Historic excerpts about the Apollo Moon program related to NASA Ames Research Center, Moffett Field, Calif., by Elizabeth A. Muenger, NASA SP-44304
“During Apollo, Ames supported Houston in many of the biomedical areas and became heavily involved in the chemical and biological analysis of lunar samples.”
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“The major problems connected to spaceflight focused on speed, the heat generated by speed, and control of the vehicle during flight. Ames’ facilities lent themselves to research in these areas in a number of ways. Early in the 1960’s, for example, models of the Mercury and Gemini capsules were tested in the hypervelocity free-flight facility, where airflow patterns were studied and stability experiments were performed. In 1962 flight simulators and Apollo capsule models were used to test spacesuit designs. Under flight conditions, astronauts tested the suits” mobility, efficiency, and comfort, as well as the ease with which the instrument panel was operated.
The center’s (Ames’) changed position within the parent organization was well illustrated in the case of the Apollo guidance system, development of which began in 1962. Responsibility was apportioned in a manner foreign to the (National Advisory Committee for Aeronautics, NASA’s predecessor) NACA scheme of things, but necessary in the complexities of a lunar landing mission. Massachusetts Institute of Technology had been awarded a NASA contract for the design and development of a prototype guidance system. In supporting MIT, Ames was given the task of working on midcourse and Earth-entry guidance. In particular, Ames computers were used to work out trajectories and correction factors for speed, angle of descent, and shape of the reentry body. The problem of reentry heating of spacecraft presented a variety of related questions. An early realization was that the heating problem was two-fold: Not only would convective heating occur as the spacecraft reentered the EarthÕs atmosphere, there was also a problem of radiative heating caused by the high temperature rise in the air disturbed by the vehicle’s shock wave. Radiative heat increased dramatically in the case of blunt bodies, which (Ames’ Harvey) Allen had shown years before to be effective in controlling convective heating. The research question lay in the trade-off between the two shapes to minimize undesirable effects, blunt body to control convective heat, missile-shaped to control radiative heat. Crucially connected to the heating problem was ablation, the process by which heat is absorbed through melting, evaporation, and sublimation. By coating a surface with an ablative material, much heat can be dissipated before the primary structure is affected. The (Ames) arc-jet facilities proved most useful in the study of how ablation proceeds and what materials work best, especially because of the relatively long test times they made possible. As with his blunt-body work of the early 1950’s, Harvey Allen and his colleagues went far toward solving the heating problem for high-speed reentry spacecraft by adopting a cone shape. Making the tip of the cone of a continually renewed ablation material solved much of the heat problem. The study of ablation led Ames to meteoroid studies in the 1960s. By studying the materials of which meteors were composed and by calculating flights and landing patterns of meteors, researchers hoped to learn more not only about high-speed heating but about the composition of other planets and the space environment in which meteors are produced. Work on ablation was to lead Dean Chapman, later head of the (Ames) Astronautics Directorate, to his long study of tektites, glass pellets that have been found at various places on the EarthÕs surface. Bringing aerodynamic theories to the study of tektites, Chapman developed a hypothesis on their origin based on study of the heating patterns displayed by the pellets’ shape and calculation of their flight speed. The origin of tektites, he suggested, was the Moon. The tektite hypothesis provided a new perspective on the materials composing the Moon, and the forces that produced its craters. The tektite research became a prominent example of the thin line between applied and basic research and a happy reminder that a scientist can, with imagination, move back and forth between the two.”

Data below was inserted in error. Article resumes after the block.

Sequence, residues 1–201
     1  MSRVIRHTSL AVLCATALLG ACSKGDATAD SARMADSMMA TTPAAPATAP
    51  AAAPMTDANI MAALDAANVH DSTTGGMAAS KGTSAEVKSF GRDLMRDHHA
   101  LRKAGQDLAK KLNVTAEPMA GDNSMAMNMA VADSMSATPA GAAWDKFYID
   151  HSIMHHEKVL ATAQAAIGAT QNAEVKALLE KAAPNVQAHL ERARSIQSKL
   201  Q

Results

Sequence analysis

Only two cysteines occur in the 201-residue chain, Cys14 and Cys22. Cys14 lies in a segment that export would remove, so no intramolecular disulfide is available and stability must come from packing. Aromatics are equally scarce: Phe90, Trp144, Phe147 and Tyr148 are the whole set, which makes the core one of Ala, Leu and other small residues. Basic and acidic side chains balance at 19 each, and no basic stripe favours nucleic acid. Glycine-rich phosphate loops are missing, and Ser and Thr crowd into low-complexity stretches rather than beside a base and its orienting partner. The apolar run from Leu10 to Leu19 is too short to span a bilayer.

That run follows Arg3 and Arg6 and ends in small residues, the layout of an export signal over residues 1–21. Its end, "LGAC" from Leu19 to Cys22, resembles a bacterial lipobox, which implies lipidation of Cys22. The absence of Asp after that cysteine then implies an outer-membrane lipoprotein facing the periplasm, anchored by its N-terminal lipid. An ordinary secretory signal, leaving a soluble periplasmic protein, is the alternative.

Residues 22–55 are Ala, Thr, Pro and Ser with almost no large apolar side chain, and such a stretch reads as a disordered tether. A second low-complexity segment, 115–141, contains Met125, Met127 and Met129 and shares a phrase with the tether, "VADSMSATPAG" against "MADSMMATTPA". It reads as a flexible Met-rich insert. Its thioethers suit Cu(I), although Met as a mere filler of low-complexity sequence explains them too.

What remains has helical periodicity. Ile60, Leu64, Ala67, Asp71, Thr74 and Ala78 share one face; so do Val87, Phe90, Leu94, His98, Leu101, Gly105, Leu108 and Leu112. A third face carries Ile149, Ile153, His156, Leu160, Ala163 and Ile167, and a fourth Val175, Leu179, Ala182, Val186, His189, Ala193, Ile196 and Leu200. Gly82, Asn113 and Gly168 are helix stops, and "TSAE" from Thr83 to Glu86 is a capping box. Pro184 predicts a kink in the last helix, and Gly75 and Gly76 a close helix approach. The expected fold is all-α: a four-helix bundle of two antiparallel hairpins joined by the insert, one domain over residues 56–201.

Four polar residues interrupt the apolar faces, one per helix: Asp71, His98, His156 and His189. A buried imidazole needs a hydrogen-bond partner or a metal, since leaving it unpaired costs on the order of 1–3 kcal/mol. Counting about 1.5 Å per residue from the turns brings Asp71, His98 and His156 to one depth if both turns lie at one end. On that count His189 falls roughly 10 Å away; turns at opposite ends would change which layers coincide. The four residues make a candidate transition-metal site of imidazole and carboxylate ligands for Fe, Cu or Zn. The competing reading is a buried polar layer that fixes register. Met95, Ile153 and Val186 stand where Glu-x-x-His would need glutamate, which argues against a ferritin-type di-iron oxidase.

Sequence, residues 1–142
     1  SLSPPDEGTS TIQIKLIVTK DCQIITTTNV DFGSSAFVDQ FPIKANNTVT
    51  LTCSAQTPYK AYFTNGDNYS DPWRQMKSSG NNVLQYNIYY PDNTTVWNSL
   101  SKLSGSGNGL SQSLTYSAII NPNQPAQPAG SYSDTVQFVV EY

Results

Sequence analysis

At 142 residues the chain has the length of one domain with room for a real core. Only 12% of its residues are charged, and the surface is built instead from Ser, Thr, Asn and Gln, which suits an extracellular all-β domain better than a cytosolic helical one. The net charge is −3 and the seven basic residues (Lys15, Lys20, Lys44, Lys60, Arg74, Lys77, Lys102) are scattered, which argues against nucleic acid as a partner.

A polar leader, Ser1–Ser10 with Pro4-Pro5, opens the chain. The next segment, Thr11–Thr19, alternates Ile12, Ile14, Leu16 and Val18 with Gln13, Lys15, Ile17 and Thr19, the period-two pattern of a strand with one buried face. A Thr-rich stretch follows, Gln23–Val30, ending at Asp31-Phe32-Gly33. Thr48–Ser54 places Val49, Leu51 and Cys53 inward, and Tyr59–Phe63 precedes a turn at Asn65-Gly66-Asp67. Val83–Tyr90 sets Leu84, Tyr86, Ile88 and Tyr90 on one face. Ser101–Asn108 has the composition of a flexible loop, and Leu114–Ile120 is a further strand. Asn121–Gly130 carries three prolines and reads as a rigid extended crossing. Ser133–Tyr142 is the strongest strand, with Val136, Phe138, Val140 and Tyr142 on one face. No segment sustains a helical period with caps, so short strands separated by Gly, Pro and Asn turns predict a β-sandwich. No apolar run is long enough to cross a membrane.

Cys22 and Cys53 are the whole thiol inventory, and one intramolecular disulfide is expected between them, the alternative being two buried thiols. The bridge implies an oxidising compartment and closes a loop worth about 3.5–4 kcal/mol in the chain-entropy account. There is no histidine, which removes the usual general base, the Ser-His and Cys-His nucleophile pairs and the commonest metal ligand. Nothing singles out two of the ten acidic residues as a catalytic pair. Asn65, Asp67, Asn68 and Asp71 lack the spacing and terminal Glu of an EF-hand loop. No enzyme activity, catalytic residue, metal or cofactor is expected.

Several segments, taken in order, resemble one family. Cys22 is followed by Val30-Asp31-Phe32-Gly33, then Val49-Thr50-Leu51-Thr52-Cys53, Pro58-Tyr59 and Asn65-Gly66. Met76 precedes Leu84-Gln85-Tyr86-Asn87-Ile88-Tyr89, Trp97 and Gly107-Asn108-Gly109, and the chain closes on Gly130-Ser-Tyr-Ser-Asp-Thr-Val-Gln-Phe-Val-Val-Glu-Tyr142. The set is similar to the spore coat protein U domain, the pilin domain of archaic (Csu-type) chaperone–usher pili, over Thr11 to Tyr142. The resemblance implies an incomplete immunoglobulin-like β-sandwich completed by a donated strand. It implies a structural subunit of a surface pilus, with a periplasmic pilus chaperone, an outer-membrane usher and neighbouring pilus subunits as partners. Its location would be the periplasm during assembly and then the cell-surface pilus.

This book was published in 1985 and is a U.S. Government document, which is not copyrighted.
Atmosphere of Freedom-Sixty Years at the NASA Ames Research Center excerpts
Searching the Horizon, A History of Ames Research Center 1940-1976 excerpts
Adventures with Apollo excerpts
Astrogram Archive: For 45 Years, Ames Pioneers NASA Science and Technology
Image Archive: Moon Missions
Historic Apollo Press Releases
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